Starter: Darren McFadden
Backups: Latavius Murray, Rashad Jennings, Marcel Reece
The Raiders are hoping a return to their prior power running scheme will mean McFadden gets back to the superior form he showed before a disastrous 2012 season with a zone blocking scheme. But even a switch back to the style he's most effective in doesn't change the fact McFadden has yet to make it thru a full 16 games in any of his 5 seasons in the NFL. Each year McFadden gets injured and misses games. When healthy though, he is explosive and puts up quality RB1 numbers as he rushes for high yardage totals and catches the ball very well too. McFadden is one of those big risk/reward type of RB's that can make or break a fantasy season as an early round draft pick. One thing is sure though, as long as he stays healthy, you can expect a lot of the Raiders offense to go through him as they are lacking in the passing game. Meanwhile, Murray will battle Rashad Jennings to be Darren McFadden's top backup in 2013. Jennings was underwhelming when given a chance to be a starter in Jacksonville when Maurice Jones-Drew got injured, so I don't expect it will take much for the rookie Murray to leap frog him. And given that McFadden has yet to stay healthy for a full 16 games in any of his 5 NFL seasons, the odds are that Murray will be given a chance to carry the football at some point this season. I like Murray as a handcuff to McFadden more than Jennings. Lastly, I mention Reece as he was the big surprise during the 2012 season at the position when injuries decimated the Raiders RB corps and Reece was forced to take on a big offensive role. However it is very unlikely to happen again in 2013 unless Oakland faces another rash of injuries at the RB position. Murray would be my pick as the handcuff to McFadden, even though I get the feeling the Raiders would likely give Jennings first crack at running himself out of the position if McFadden gets injured.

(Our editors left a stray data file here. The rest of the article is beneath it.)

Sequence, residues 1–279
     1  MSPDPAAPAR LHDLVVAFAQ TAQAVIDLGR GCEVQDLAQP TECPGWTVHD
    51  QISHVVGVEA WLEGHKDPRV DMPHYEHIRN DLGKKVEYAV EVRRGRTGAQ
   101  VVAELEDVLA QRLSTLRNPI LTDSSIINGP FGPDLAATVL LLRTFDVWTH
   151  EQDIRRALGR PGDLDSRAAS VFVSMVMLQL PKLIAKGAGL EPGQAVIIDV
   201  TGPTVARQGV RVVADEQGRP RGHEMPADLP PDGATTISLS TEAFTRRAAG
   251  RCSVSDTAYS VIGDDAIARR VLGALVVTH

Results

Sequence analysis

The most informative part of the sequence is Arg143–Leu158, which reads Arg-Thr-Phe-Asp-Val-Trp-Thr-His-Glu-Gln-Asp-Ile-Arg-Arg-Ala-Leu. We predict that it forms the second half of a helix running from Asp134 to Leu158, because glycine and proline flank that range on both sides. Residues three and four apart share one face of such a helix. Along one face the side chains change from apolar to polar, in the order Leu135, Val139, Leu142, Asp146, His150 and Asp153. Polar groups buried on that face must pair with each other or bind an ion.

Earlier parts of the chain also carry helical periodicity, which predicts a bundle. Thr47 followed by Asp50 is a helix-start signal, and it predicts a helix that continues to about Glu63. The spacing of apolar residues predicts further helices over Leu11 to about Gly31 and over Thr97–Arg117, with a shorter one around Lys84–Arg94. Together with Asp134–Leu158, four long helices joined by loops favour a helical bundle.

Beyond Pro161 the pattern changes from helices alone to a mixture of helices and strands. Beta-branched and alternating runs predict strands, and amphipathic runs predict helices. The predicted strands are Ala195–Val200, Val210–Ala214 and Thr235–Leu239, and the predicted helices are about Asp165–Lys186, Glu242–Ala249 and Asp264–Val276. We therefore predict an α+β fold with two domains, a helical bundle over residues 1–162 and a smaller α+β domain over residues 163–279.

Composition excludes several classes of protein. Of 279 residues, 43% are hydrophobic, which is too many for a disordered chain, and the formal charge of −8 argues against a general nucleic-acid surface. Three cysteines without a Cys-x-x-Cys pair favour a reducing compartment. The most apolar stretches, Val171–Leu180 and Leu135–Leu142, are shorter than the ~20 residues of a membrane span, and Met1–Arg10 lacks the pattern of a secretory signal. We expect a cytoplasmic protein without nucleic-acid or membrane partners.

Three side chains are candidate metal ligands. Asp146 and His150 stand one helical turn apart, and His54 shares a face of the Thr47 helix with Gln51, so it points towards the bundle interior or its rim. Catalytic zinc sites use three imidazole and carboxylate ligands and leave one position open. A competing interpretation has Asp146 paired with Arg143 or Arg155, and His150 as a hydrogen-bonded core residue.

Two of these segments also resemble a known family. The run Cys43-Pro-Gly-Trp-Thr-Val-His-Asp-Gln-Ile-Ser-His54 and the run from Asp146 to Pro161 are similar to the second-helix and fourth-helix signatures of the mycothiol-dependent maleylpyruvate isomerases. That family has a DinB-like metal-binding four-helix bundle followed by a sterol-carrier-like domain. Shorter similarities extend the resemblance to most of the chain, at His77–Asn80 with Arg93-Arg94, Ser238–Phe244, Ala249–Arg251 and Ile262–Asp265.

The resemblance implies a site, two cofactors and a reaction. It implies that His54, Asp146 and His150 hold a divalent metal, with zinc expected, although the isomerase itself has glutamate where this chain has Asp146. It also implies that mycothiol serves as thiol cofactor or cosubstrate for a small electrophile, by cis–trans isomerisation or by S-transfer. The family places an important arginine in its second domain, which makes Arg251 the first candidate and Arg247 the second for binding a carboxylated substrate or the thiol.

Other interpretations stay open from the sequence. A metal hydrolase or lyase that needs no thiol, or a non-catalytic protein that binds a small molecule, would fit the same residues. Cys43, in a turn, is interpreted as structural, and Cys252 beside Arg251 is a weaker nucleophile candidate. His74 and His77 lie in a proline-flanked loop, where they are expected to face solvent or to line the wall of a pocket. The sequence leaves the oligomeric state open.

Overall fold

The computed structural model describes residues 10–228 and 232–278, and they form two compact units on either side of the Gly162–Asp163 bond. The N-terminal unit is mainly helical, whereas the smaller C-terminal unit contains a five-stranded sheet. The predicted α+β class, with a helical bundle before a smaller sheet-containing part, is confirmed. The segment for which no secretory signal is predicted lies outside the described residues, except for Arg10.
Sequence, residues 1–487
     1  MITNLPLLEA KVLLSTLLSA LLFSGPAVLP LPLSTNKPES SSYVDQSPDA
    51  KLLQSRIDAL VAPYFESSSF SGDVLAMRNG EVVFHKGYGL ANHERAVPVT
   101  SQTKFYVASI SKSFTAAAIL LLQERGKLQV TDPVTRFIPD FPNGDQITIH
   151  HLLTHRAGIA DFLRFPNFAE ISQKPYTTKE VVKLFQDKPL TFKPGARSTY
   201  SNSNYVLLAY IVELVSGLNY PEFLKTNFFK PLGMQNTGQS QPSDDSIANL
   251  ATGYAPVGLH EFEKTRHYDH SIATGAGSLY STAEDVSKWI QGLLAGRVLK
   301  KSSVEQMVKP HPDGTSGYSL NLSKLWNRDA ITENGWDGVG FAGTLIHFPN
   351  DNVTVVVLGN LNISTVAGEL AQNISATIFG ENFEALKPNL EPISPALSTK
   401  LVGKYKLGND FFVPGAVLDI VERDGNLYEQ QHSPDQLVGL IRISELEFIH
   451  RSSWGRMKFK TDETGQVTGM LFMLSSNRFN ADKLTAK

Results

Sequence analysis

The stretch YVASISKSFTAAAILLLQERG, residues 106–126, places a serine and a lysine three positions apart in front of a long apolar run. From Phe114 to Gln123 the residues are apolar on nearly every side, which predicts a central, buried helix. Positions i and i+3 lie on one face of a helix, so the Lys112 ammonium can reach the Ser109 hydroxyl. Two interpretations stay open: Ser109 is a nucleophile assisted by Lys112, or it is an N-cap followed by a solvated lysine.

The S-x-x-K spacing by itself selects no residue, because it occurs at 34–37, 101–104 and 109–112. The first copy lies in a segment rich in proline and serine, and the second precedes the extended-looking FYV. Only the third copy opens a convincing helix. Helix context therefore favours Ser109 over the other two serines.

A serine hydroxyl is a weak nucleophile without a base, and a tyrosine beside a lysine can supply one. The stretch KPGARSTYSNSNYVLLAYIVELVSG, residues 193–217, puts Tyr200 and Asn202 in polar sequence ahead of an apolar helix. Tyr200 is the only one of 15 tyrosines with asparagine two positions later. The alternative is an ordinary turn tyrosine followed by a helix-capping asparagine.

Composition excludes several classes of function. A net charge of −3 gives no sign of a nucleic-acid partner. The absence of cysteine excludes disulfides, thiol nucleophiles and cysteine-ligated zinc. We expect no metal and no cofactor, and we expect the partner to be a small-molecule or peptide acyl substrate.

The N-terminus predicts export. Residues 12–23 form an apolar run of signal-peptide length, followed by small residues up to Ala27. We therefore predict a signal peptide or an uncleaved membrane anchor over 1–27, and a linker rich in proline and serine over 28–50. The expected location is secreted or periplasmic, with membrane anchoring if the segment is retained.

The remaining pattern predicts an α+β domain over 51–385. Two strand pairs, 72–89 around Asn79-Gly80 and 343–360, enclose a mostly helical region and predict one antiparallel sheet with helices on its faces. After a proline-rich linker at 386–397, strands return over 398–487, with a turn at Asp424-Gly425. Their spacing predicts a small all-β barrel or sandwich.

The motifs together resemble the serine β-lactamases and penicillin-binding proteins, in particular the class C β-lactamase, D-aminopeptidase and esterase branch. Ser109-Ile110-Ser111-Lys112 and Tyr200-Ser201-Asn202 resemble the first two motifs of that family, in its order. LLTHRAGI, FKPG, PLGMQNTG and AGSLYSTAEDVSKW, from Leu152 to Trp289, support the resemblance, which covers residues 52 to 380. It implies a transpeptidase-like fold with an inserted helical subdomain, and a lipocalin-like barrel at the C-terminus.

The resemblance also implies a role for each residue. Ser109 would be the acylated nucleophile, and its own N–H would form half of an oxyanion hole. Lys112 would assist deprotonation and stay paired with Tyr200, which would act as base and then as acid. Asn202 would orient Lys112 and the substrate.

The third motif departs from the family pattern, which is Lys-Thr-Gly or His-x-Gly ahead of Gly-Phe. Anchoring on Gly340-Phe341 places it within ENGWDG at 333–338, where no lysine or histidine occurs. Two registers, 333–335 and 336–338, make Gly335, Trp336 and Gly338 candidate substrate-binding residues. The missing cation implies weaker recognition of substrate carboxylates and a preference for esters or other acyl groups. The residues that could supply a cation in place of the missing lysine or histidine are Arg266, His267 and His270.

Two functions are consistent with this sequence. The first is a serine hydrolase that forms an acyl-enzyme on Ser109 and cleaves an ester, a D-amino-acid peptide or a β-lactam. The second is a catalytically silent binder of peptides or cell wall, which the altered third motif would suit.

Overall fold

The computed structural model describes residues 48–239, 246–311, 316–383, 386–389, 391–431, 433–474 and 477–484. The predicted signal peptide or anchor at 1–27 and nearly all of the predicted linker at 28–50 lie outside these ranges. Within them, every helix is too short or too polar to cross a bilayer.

San Diego Chargers
Starter: Ryan Mathews
Backups: Danny Woodhead, Ronnie Brown
Mathews has all the skills to be a featured RB; good size, good speed, good receiving capabilities, but he has yet to put it all together on the field. It also hasn't helped that he can't seem to avoid injuries. With Danny Woodhead being brought over from New England to be the Chargers 3rd down RB, Mathews can expect his receptions to drop (he caught 89 passes the last two seasons combined in 26 games) and to be used as a two down rushing back on a team with a poor offensive line and a passing attack that has come into question. Once considered a top 10 fantasy RB in terms of talent, Mathews is no more than a borderline RB2/3 with upside, and risk. Woodhead gets to reprise his 3rd down and change of pace role in San Diego in 2013. Woodhead would split rushing duties with Ronnie Brown if Mathews were to get injured again, but an increase in playing time could really increase Woodhead's fantasy value. Even if Mathews stays healthy, Woodhead is an excellent receiving RB and could find himself worth considering as a RB4 in PPR formats. The addition of Woodhead in San Diego eliminates Brown's chances of being the primary 3rd down RB. Even if injuries were to give Brown a chance for a bigger offensive role, he isn't fantasy worthy. He proved that with the chances he got in 2012.
A team by team look at the RB situations in the AFC South division
Starter: Arian Foster
Backup: Ben Tate